Physical Activity and Nutrition Program

​​​​The Kentucky Department for Public Health Physical Activity and Nutrition Program focuses on preventing obesity by supporting policy and environmental strategies to make healthy eating and active living accessible and affordable for everyone in Kentucky.

Healthy Behaviors

Individuals are healthier when their communities offer access to healthy, affordable food and safe places to be physically active. The Physical Activity and Nutrition Program supports policies, programs and environmental changes that make the healthy choice the easy choice for individuals. So what is the healthy choice?

Physical Activity

Regular physical activity is associated with a healthier lifestyle, but any amount of physical activity is better than none. The Physical Activity Guidelines for Americans offer specific recommendations for children and adolescents, adults, older adults and people with special needs. Adults should get both aerobic and muscle-strengthening activity:

  • 30 minutes of moderate activity like a brisk walk at least five times a week or 20 minutes of vigorous activity like cycling, jogging or running three times a week
  • Combine weight training and stretching two or more days a week


Food and nutrition play a crucial role in health promotion and chronic disease prevention. The Dietary Guidelines for Americans offer specific recommendations for families. For active healthy lifestyles, adults should:

  • Eat five fruits and vegetables a day
  • Drink plenty of water
  • Balance calories consumed with calories burned through physical activity
  • Make healthier food choices by following
  • Limit your salt, refined sugars, caffeine and alcohol consumption
  • Breastfeeding is the best source of nutrition for most infants and can reduce the risk for some short- and long-term health conditions for both infants and mothers.


Body weight higher than what is considered a healthy weight for a given height is described as overweight or obese. At an individual level, body mass index can be used as a screening tool but does not diagnose the body composition or health of an individual. A trained healthcare provider should perform appropriate health assessments to evaluate individual health status and risks.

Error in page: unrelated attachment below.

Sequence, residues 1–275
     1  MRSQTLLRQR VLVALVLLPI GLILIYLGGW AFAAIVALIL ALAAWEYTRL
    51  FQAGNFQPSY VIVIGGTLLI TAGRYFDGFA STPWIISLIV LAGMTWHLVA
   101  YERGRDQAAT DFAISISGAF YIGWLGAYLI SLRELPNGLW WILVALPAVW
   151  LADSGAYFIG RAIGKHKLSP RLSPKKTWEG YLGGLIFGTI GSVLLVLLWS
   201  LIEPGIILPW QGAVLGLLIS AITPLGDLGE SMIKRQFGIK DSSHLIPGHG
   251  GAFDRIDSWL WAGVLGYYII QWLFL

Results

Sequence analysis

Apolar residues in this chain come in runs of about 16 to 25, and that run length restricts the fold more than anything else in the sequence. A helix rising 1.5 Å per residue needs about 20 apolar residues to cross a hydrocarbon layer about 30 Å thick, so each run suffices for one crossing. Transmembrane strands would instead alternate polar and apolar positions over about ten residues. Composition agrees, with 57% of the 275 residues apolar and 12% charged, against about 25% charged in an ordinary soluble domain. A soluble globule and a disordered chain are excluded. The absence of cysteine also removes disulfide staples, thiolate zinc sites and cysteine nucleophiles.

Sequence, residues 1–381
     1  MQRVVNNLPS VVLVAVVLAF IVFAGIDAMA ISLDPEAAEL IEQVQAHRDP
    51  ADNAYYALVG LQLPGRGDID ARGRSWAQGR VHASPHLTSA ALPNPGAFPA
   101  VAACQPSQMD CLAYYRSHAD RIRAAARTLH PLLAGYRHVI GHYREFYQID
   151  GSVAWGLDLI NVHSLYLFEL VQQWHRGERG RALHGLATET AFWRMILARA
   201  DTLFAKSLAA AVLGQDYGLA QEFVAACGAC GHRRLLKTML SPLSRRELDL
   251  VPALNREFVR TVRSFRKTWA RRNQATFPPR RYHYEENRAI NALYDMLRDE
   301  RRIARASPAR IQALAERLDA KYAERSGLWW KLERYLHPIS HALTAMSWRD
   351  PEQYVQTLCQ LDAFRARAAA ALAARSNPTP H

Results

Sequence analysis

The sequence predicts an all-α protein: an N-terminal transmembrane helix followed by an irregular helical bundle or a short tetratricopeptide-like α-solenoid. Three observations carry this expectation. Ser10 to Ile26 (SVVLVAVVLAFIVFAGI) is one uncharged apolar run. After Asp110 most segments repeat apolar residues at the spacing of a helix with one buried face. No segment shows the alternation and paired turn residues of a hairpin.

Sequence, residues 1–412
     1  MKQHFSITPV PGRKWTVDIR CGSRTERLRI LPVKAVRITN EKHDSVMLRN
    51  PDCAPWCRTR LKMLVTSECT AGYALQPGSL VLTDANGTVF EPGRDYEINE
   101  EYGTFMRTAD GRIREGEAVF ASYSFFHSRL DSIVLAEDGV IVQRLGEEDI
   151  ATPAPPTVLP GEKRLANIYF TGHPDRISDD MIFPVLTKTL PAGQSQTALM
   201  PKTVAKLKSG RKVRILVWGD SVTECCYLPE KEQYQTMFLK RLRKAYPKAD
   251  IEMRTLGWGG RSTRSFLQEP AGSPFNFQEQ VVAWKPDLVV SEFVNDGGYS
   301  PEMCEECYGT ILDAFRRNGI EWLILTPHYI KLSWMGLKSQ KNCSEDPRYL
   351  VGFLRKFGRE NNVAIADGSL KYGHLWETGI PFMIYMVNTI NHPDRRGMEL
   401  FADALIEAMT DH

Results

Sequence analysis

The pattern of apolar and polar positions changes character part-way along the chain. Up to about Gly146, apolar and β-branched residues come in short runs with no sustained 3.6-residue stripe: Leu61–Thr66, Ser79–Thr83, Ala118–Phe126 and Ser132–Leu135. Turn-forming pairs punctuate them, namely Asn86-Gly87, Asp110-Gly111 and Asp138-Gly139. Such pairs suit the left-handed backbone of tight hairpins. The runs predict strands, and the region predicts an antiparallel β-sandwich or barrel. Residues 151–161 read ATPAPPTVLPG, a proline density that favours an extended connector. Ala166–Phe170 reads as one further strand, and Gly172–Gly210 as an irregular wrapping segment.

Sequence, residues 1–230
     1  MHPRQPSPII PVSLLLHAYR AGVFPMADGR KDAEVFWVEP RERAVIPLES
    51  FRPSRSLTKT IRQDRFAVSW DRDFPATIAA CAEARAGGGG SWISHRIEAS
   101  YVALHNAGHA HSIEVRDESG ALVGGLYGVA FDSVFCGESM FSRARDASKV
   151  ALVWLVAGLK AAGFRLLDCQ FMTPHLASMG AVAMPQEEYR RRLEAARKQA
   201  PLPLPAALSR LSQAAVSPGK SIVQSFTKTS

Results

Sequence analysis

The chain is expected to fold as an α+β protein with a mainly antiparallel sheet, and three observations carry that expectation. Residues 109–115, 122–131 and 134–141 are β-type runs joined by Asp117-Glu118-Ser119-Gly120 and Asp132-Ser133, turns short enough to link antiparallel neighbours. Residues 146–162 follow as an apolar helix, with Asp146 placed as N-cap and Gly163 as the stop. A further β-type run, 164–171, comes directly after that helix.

Both physical activity and quality nutrition help reduce the risk of developing other chronic diseases and expensive health conditions like diabetes, stroke, arthritis, sleep apnea, asthma, heart attack and certain cancers.


We have collaborated with many partners on statewide initiatives, including:

Kentucky receives funding through The Centers for Disease Control and Prevention to support chronic disease prevention by coordinating efforts that control diabetes, heart disease and stroke, prevent obesity and promote school health. The strategies to prevent chronic health conditions focus on creating healthy environments in worksites, schools, early childhood education facilities, state and local government agencies and the community.

For more information on the specific strategies and resources Kentucky uses, please email The Partnership for a Fit Kentucky at​


Kentucky Nutrition, Physical Activity and Obesity Data

State of Obesity in Kentucky​



CDC Obesity Prevention Strategies

KY Transportation Cabinet Pedestrian and Bicycle Program​

The Community Guide

Healthy People 203​0 Nutrition

Healthy People 2030 Physical Activity

The Community Toolbox

Healthy Behaviors

Physical Activity and Nutrition Program Contacts

275 E. Main St., Mail Stop 1-EE
Frankfort, KY 40621-0001
(502) 564-9358

Program Manager, Brian Boisseau
Food Service Guidelines Coordinator, Lisa Arvin
Active Living Coordinator, Troy Hearn
Early Care and Education Coordinator, Cindy Sullivan
Communications Specialist, ​​Emily Goodwin

Additional Information